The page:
Through this inclusive participatory process, South Australia was able to mitigate the impact of another COVID wave, particularly amongst multicultural communities. Given the collaborative nature of the forums, leaders were better equipped to advocate for public health protocols. Because they were enforced by multicultural leaders, community members were more likely to acknowledge the legitimacy and authority of these guidelines. The South Australia Government also addressed the doubts and concerns youth in multicultural communities had regarding costs and sanitation of testing apparatus, such as how expensive acquiring a test could be and whether swabs are being re-used. Thus, this collaborative process also has allowed for increased transparency and accountability from the government toward its citizens. Communication efforts also were expanded to include an online platform for citizens to better understand the reasoning behind implementation of specific initiatives, and it was endorsed by multicultural leaders. As such, multicultural communities were able to see and hear from a representative voice, making communication efforts from the South Australian Government more relevant to the public.

This collaborative approach has bridged a gap between historically underrepresented communities. By providing a space for inclusive and representative dialogue, these Forums have promoted a sense of mutual understanding and authentic communication. By meeting with multicultural leaders, the government actively worked toward understanding the cultural context of the communities they were implementing policies in. This culturally sensitive approach allowed multicultural leaders to serve as the ears and eyes of their communities without turning the situation into a politically divisive one. Additionally, community members began to show trust in the process and ask questions about the guidelines to clarify any lingering misunderstandings. Overall, these Forums successfully adapted to the needs of diverse communities in a swift and efficient method to combat large-scale spread of COVID. This is important to model for culturally and linguistically diverse communities the value of implementing and abiding by national public health guidelines to mitigate the spread of new strains of COVID. These Forums could provide insight for other Australian communities or global movements to get more inclusive input that will give national authorities more legitimacy in implementing their public health initiatives by incorporating more citizens’ narratives.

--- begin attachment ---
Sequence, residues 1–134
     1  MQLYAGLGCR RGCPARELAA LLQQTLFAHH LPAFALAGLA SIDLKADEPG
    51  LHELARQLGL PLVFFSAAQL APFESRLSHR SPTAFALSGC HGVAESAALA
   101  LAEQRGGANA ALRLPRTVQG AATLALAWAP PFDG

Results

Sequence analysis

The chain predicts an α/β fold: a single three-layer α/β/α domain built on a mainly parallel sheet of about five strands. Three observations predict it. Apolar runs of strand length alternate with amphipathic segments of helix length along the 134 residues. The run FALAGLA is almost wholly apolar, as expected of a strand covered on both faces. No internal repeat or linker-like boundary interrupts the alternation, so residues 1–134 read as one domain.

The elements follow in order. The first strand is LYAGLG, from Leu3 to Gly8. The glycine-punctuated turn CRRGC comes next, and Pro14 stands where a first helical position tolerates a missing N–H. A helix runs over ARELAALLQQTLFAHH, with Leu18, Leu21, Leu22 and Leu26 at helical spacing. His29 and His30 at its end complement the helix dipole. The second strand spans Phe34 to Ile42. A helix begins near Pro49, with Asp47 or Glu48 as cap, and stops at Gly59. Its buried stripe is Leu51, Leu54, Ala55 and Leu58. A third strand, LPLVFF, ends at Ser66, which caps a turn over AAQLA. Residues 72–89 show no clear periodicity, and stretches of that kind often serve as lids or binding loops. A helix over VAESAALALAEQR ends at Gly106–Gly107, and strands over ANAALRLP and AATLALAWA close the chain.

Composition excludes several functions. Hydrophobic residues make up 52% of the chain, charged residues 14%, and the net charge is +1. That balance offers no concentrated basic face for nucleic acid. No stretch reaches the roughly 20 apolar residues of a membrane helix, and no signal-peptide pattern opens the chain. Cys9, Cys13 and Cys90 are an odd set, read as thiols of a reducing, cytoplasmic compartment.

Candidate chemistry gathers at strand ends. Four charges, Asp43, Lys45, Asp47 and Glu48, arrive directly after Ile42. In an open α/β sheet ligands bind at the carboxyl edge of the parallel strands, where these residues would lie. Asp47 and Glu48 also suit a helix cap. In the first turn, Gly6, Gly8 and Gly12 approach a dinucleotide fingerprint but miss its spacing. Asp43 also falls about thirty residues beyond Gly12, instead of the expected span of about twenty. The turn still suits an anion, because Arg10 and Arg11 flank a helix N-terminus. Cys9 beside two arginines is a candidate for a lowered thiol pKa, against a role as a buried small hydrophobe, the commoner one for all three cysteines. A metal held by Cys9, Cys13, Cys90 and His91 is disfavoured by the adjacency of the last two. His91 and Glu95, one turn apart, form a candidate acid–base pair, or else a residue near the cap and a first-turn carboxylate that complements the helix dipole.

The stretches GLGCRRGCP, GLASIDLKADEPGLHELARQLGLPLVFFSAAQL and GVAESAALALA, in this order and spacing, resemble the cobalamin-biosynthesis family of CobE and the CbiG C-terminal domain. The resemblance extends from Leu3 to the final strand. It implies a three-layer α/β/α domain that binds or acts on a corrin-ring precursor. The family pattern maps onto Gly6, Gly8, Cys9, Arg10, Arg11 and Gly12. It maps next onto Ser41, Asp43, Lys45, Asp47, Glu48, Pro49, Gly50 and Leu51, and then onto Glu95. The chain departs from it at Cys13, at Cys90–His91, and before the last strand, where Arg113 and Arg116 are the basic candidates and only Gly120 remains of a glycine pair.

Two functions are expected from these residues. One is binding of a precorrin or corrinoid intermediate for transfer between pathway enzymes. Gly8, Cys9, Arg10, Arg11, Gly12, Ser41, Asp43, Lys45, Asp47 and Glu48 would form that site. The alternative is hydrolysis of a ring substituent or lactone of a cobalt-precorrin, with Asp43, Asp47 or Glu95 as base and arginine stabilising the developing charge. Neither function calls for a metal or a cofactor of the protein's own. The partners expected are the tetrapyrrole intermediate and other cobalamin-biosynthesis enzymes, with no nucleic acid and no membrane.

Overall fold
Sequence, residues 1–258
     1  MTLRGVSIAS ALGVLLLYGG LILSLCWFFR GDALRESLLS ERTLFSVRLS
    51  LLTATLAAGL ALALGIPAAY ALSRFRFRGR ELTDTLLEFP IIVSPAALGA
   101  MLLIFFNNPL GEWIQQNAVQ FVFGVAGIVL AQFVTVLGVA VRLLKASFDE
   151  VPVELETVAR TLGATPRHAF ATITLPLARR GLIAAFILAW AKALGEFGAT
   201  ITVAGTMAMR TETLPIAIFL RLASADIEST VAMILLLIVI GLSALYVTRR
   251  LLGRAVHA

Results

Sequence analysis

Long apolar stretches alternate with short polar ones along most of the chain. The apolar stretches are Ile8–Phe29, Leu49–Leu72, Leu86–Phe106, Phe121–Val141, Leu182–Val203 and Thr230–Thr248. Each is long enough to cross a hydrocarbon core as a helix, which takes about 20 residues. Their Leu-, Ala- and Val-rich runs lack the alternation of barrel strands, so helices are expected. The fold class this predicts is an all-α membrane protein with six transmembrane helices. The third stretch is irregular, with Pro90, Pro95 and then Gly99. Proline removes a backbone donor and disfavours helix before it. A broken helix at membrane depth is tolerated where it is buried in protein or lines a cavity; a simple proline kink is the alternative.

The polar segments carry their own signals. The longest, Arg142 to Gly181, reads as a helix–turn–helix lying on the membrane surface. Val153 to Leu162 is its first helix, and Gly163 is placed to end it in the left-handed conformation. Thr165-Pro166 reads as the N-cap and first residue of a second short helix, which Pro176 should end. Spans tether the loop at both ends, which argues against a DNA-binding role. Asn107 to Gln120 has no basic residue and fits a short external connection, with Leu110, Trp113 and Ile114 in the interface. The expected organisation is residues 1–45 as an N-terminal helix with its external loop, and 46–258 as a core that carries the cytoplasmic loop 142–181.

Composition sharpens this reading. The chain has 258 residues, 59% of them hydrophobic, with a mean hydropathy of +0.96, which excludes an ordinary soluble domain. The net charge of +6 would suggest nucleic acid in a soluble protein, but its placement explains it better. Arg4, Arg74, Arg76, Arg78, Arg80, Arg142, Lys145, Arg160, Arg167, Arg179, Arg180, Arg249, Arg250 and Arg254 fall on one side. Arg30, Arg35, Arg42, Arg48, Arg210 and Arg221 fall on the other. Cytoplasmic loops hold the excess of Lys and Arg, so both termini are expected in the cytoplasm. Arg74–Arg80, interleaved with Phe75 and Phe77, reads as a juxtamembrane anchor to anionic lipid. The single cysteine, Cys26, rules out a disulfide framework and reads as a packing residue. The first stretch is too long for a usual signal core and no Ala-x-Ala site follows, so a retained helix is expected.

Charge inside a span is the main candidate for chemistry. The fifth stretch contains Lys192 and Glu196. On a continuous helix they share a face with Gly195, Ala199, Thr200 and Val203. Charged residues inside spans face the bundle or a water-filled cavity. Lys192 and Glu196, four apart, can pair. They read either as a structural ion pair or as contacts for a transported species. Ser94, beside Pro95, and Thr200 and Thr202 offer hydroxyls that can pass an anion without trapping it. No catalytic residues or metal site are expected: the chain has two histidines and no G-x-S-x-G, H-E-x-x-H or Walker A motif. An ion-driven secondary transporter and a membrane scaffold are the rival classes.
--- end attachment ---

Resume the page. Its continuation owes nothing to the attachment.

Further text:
To learn more about this case, visit https://participedia.net/case/7086. To read about other innovative applications of public participation, visit www.participedia.net.

Author: Varsha Srinivasan is a foreign language area studies (FLAS) fellow pursuing a dual Master of Public Administration and International Relations at the Maxwell School of Citizenship and Public Affairs at Syracuse University. She is passionate about diversity, equity and inclusion (DEI) initiatives as they relate to multicultural education and cultural sensitivity, specifically in relation to immigrant diasporas in the United States. Her previous experiences include serving as a Fulbright English Teaching Assistant in Colombia from 2019-2020 and teaching seventh grade science through Teach for America in the Las Vegas Valley from 2017-2019. She received a BS and a BA from Emory University in May 2017 and a Master in Education from the University of Nevada—Las Vegas in May 2019. She can be reached at [email protected].